Reflections from Dr. Joy DeGruy Leary, author of Post-Traumatic Slave Syndrome: America’s Legacy of Enduring Injury and Healing

For over two decades I have worked in the field of social work and psychology and a significant amount of that time was spent providing direct service to people of African descent. This led me to an investigation into the varying causes of some of the adverse, multi-generational conditions that African Americans experience, and thus to the destructive and catastrophic events associated with 246 years of American chattel slavery, and the oppressive policies which followed.

Tackling this legacy will require more than a superficial dialogue, acknowledgement or apology, it demands no less than a complete dismantling of entrenched racist institutions, as well as in-depth healing processes.

In viewing the film, black people will experience a wide variety of emotions. We are diverse and at all different places in our journeys. Some will receive the film as a deep apology and a source of hope. It may also awaken unresolved issues of grief, anger and fear. Facilitators should be prepared for this and exercise care and caution in engaging individuals or groups of black people in discussions together with white viewers about the film.

It is of particular importance to note that some of the responses of the white family members in the film are likely to provoke strong feelings from black viewers. This could be further exacerbated by responses and comments by white viewers in the room. Facilitators should be prepared to process any frustration or resentment which might lead to a virtual ‘re-injury’ for the black participants.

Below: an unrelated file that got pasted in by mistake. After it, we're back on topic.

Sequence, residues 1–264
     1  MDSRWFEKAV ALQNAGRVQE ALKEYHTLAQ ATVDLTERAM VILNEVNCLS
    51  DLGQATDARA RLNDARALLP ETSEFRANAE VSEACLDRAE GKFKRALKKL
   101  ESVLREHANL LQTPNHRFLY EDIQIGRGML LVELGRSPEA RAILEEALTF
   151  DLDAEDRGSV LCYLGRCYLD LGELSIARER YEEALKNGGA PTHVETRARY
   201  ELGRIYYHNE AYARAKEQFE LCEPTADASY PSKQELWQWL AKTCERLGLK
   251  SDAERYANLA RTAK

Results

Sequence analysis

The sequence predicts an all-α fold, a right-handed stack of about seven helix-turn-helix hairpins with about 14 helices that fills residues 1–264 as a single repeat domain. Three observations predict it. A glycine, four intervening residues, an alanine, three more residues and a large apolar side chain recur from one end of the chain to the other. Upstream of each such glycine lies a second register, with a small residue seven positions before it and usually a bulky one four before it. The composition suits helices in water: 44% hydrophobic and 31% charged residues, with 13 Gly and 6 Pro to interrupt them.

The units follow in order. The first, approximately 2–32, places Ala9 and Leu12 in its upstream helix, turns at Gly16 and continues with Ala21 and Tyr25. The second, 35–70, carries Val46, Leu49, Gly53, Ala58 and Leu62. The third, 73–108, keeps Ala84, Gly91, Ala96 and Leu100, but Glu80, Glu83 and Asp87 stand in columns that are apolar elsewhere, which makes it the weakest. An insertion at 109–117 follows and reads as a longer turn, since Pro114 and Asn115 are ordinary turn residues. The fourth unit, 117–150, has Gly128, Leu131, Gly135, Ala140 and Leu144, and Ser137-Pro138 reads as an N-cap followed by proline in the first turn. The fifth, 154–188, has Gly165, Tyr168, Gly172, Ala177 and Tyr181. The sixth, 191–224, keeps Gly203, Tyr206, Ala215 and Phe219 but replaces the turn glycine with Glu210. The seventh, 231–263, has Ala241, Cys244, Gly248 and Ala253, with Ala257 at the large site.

At the same time, for some black viewers, the film can serve as an invitation to do our own work. Part of the legacy of slavery is that we can be self-destructive towards ourselves. How does internalized oppression operate? When is anger productive and when does it eat away at us? What is the role of forgiveness?

With proper preparation and facilitation this film can be used to begin an honest national dialogue about race, white privilege, historical trauma and justice; what reconciliation might look like between white Americans and black Americans; how to repair the damage and ultimately, how we can restore the trust and forgiveness which will enable us to move on collectively.

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